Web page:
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Study shows boat stewards can work

Paul Smith’s College research examines invasive risks in Adirondack lakes

PAUL SMITHS — The Paul Smith’s College Adirondack Watershed Institute recently presented new research detailing the threat of aquatic invasive species in Adirondack lakes at the Northeast Aquatic Plant Management Society meeting in Lake Placid.

The first study was presented by Michale Glennon and focuses on identifying and predicting which lakes are most vulnerable to the introduction and establishment of aquatic invasive species (AIS).

Glennon found that the motorboat traffic in the Adirondacks is highest at lakes that are large, are located in close proximity to interstates, and have abundant amenities such as parking, marinas, boat rentals and campgrounds.

“Understanding the patterns of boater traffic and which lakes are most vulnerable to the threat of aquatic invasive species will help the state and partners prioritize where to invest funding and staff to help prevent further spread or new infestations of these organisms,” Glennon said.

The second study was presented by Dan Kelting and examines risk of invasive species in Adirondack lakes and how effective the boat steward program and the existing AIS Spread Prevention Law are at prompting boaters to clean, drain and dry boats to reduce this risk.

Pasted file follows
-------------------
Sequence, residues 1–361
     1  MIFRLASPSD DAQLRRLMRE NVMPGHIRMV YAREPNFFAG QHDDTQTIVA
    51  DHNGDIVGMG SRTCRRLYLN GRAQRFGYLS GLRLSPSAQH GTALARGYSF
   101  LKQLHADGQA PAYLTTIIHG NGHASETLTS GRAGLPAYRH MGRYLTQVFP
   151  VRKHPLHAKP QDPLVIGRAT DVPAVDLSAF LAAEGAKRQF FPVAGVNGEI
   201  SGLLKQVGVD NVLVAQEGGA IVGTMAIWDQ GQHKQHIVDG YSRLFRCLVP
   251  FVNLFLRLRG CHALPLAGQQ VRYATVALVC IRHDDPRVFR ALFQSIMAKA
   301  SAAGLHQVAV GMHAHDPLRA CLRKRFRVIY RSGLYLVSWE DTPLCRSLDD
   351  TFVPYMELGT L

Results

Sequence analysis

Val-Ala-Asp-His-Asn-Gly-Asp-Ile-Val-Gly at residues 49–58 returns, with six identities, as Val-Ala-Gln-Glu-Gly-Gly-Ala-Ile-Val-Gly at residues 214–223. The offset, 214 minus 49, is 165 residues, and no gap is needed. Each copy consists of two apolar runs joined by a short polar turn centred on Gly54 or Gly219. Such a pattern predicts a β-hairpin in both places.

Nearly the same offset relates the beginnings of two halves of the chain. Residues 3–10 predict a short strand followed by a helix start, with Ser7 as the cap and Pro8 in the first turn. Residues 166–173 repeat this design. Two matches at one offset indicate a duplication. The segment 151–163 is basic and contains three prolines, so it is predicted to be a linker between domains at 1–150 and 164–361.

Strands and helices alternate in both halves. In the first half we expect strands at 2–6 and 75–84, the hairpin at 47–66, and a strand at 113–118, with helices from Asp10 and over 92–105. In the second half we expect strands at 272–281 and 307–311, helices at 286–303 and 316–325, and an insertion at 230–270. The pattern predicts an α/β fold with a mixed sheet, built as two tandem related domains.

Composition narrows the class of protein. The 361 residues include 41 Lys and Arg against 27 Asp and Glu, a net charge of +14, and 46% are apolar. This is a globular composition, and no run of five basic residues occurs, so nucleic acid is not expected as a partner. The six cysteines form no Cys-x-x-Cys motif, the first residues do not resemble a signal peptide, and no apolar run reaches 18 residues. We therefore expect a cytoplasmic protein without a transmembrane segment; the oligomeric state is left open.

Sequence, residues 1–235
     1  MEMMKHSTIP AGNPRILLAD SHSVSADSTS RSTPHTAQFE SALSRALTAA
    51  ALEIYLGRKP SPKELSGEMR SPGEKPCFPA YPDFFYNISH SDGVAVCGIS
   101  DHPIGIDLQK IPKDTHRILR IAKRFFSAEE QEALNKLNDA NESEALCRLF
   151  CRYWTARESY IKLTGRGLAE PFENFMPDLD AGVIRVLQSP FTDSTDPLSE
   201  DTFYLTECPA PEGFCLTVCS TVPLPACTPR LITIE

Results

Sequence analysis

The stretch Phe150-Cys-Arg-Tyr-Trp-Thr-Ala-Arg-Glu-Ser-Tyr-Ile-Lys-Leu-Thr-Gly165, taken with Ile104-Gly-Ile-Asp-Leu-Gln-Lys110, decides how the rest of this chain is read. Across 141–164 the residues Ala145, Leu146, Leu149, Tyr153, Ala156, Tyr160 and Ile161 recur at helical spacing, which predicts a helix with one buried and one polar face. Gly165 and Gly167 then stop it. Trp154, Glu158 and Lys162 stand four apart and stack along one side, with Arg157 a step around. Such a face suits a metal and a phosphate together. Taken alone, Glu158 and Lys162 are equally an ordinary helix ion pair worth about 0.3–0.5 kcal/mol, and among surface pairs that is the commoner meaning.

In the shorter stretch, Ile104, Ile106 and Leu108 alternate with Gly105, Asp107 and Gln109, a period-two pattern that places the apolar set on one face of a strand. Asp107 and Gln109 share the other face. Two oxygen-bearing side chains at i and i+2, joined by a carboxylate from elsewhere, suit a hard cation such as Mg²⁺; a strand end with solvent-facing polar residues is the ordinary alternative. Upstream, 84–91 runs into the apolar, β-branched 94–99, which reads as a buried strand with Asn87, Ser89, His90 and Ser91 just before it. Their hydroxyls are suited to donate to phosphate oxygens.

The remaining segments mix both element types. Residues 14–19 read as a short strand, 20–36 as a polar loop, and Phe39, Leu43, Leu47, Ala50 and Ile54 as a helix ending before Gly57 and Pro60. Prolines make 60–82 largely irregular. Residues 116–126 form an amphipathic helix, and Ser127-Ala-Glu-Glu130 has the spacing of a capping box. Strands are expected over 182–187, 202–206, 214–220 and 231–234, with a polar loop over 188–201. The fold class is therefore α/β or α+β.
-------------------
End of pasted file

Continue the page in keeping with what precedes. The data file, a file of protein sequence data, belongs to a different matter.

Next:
Focused in the Adirondacks, the study found that 78% of boats have either been out of the water for at least two weeks prior to launching or had only visited the same waterbody in which they were launching.

“These data show that the majority of boats launching in Adirondack waters are at low risk of transporting AIS,” said Kelting. “These boats are always in the same waterbody or are used infrequently.”

The study also found that of higher-risk boats, nearly 80% of them have had an interaction with a boat steward. An encounter with a boat steward appears to greatly enhance the adoption of spread prevention measures, according to Kelting. Boaters who have ever had a prior encounter with a boat steward are also less likely to have AIS present on their watercraft.

“It is clear from our research that Adirondack waters continue to be threatened with invasion from both within the park and from elsewhere,” Glennon said. “We recommend that AIS spread prevention programs around New York continue to be enhanced so that effectiveness of boat steward and decontamination efforts further improve.”

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